Brunnian Links

The standard braid has a curious property: If we remove any one of the three strands, the other two are seen to be unconnected. If we remove the black strand above, the blue and red strands simply snake along one above the other. Similarly, removing the red or the blue strand reveals that the remaining strands are not braided together.

See Borromean Rings.


“An adventure is only an inconvenience rightly considered. An inconvenience is an adventure wrongly considered.” — G.K. Chesterton, “On Running After One’s Hat,” 1908

The Troll

This litigious humour is bad enough: but there is one character still worse — that of a person who goes into company, not to contradict, but to talk at you. This is the greatest nuisance in civilised society. Such a person does not come armed to defend himself at all points, but to unsettle, if he can, and throw a slur on all your favourite opinions. If he has a notion that anyone in the room is fond of poetry, he immediately volunteers a contemptuous tirade against the idle jingle of verse. If he suspects you have a delight in pictures, he endeavours, not by fair argument, but by a side-wind, to put you out of conceit with so frivolous an art. If you have a taste for music, he does not think much good is to be done by this tickling of the ears. If you speak in praise of a comedy, he does not see the use of wit: if you say you have been to a tragedy, he shakes his head at this mockery of human misery, and thinks it ought to be prohibited. He tries to find out beforehand whatever it is that you take a particular pride or pleasure in, that he may annoy your self-love in the tenderest point (as if he were probing a wound) and make you dissatisfied with yourself and your pursuits for several days afterwards. A person might as well make a practice of throwing out scandalous aspersions against your dearest friends or nearest relations, by way of ingratiating himself into your favour. Such ill-timed impertinence is ‘villainous, and shows a pitiful ambition in the fool that uses it.’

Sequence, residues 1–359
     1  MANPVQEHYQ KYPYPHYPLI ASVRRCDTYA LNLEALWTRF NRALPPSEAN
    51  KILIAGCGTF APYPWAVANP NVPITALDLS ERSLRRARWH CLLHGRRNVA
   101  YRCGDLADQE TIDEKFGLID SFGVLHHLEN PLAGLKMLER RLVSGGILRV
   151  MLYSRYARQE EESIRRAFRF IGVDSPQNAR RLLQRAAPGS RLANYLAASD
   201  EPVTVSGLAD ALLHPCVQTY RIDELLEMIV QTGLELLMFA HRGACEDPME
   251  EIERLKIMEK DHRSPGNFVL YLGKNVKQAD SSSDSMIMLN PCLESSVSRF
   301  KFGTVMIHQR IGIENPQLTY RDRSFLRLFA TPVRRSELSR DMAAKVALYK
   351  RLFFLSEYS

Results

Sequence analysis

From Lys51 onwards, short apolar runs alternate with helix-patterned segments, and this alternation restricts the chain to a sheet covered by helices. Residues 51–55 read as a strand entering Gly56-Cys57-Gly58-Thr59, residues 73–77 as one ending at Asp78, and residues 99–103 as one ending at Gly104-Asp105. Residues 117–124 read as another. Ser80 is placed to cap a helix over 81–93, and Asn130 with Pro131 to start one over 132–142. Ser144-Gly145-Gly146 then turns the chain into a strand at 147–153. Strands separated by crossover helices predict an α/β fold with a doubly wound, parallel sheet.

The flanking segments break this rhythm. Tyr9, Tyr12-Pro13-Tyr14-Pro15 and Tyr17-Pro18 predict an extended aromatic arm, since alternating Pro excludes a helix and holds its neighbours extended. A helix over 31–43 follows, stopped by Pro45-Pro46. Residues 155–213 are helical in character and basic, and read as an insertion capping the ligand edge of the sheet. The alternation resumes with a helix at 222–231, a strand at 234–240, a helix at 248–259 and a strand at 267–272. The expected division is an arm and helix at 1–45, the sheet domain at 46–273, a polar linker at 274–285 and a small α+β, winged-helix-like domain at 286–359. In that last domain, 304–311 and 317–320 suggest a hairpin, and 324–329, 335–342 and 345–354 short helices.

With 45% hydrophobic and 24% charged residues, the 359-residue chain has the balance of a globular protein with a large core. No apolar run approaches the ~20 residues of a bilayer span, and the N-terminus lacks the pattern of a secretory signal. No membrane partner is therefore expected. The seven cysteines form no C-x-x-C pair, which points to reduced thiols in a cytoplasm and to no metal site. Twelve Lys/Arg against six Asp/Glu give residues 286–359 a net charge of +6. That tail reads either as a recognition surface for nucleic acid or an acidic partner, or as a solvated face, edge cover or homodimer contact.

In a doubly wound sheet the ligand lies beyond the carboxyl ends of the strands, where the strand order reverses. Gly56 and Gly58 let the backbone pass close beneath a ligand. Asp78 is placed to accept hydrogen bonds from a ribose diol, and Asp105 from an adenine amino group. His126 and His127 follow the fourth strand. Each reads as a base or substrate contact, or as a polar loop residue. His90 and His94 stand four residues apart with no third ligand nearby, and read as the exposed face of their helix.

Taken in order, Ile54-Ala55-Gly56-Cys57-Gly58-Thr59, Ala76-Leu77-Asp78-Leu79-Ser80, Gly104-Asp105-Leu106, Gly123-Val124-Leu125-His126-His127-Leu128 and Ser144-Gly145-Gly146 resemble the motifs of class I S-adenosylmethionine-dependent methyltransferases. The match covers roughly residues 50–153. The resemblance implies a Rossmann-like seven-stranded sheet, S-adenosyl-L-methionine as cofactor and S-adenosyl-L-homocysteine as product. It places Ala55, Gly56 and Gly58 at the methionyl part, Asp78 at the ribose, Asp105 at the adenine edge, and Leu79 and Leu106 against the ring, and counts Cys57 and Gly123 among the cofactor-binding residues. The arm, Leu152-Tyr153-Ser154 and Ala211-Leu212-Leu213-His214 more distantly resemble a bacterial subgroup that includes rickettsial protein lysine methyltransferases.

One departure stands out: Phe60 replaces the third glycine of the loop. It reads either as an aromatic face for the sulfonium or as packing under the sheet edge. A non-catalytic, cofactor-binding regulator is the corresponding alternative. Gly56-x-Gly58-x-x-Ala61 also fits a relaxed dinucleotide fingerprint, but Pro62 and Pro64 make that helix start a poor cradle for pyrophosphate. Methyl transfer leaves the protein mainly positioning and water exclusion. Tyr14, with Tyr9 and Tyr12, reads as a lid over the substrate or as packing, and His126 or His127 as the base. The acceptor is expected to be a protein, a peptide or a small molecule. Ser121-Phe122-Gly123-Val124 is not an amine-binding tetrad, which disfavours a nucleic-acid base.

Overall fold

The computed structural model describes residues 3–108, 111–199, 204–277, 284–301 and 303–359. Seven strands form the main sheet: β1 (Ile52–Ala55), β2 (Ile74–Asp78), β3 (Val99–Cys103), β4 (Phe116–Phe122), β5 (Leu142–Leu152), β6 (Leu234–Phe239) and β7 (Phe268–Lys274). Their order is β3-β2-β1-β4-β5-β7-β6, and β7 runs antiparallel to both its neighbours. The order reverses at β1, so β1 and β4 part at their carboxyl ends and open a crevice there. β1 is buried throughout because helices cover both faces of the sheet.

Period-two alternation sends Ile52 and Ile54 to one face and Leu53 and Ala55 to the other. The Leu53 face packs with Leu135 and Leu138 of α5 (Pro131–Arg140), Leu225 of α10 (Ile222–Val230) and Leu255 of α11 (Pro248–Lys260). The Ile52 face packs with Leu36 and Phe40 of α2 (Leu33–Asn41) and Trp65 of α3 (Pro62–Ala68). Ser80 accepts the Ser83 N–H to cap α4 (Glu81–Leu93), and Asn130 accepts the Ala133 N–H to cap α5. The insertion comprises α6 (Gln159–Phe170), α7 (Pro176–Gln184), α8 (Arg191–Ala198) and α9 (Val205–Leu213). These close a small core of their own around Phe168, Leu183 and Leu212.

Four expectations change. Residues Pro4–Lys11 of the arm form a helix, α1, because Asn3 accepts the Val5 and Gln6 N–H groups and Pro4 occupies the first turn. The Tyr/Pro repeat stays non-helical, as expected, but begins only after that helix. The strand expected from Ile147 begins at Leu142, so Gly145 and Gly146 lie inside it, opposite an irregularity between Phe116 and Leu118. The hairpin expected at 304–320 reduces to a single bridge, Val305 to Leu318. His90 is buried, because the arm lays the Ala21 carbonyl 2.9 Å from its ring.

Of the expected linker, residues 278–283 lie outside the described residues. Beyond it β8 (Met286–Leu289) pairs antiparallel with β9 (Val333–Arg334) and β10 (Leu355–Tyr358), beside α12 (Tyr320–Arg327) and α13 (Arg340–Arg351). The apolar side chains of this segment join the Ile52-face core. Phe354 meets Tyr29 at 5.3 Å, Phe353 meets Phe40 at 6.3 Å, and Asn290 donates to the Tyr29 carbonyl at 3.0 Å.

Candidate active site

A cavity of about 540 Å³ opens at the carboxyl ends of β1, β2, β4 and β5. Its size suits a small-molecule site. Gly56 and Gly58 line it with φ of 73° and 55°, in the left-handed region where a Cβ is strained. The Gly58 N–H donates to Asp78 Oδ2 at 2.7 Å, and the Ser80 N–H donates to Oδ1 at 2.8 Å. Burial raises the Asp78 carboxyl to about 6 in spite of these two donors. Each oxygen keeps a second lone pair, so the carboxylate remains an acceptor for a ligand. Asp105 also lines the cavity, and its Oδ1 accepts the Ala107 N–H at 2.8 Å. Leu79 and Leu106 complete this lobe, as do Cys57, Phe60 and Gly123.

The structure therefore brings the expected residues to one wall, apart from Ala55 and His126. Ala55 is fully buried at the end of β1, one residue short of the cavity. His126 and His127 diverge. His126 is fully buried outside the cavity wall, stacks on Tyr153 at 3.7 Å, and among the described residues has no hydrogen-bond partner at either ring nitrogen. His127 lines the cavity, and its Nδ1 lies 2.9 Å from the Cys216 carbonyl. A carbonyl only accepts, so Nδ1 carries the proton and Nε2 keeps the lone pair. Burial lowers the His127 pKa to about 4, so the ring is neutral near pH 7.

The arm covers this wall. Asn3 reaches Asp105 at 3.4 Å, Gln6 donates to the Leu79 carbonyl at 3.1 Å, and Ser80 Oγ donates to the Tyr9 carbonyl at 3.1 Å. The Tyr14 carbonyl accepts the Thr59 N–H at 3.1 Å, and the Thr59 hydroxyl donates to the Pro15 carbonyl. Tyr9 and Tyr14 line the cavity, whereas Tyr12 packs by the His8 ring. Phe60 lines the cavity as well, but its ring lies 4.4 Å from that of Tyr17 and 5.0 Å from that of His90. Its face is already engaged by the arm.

– William Hazlitt, “On the Conversation of Authors,” 1820


There are exactly 10! seconds in six weeks.

Dante in France

Three nightmare glimpses of World War I:

The first experience I had of rotting bodies had been at Serre, where, as a battalion, we dealt with the best part of a thousand dead who came to pieces in our hands. As you lifted a body by its arms and legs they detached themselves from the torso, and this was not the worst thing. Each body was covered inches deep with a black fur of flies which flew up into your face, into your mouth, eyes and nostrils, as you approached. The bodies crawled with maggots. … We stopped every now and then to vomit. … The bodies had the consistency of Camembert cheese. I once fell and put my hand through the belly of a man. It was days before I got the smell out of my hands.

– British lieutenant Stuart Cloete on a burial party after the Somme, from his autobiography A Victorian Son

At the Epéhy crossroads, we found a huge cat squatting on the chest of a dead German, eating his face. It made us sick to see it, and I sent two men to chase it away. As they approached it sprang snarling at them, but they beat it down with their rifles and drove it into the ruined houses. Then we covered the body with a sack, and went on … [Later] we saw the sack we had thrown over the dead Jerry heaving up and down, and there was pretty pussy, still rending and tearing the body; so we shot it and continued our march to Longavesnes.

– From the diary of British lieutenant Edwin Vaughan of the Royal Warwickshire Regiment, April 1917

One evening, whilst on patrol, Jacques saw some rats running from under the dead men’s greatcoats, enormous rats, fat with human flesh. His heart pounding, he edged towards one of the bodies. Its helmet had rolled off. The man displayed a grimacing face, stripped of flesh; the skull bare, the eyes devoured. A set of false teeth slid down on to his rotting jacket, and from the yawning mouth leapt an unspeakably foul beast.

– A French soldier, quoted in John Ellis’ Eye-Deep in Hell, 1989

Seven Tails

Here are seven pennies, all heads up. In a single move you can turn over any four of them. By repeatedly making such moves, can you eventually turn all seven pennies tails up?